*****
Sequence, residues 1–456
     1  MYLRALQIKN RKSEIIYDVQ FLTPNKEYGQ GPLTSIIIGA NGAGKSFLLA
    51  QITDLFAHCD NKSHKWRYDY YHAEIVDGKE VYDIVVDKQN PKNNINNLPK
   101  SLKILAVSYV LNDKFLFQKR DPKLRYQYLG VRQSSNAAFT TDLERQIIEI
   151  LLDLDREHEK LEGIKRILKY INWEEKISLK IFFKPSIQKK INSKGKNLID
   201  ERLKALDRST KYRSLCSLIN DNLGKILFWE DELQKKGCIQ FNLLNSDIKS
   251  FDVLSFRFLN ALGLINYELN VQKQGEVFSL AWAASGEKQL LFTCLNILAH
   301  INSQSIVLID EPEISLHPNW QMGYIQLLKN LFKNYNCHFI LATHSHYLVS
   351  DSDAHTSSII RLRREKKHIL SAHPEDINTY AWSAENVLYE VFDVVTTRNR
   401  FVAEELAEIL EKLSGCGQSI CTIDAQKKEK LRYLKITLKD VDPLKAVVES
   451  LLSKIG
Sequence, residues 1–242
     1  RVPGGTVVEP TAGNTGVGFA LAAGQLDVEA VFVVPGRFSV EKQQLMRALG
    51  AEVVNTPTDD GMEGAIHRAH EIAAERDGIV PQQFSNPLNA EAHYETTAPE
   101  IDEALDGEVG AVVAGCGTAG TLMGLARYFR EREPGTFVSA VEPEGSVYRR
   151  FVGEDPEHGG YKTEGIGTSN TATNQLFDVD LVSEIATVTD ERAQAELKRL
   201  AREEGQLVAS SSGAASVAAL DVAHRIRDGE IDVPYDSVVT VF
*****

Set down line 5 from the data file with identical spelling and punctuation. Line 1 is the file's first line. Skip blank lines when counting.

   151  LLDLDREHEK LEGIKRILKY INWEEKISLK IFFKPSIQKK INSKGKNLID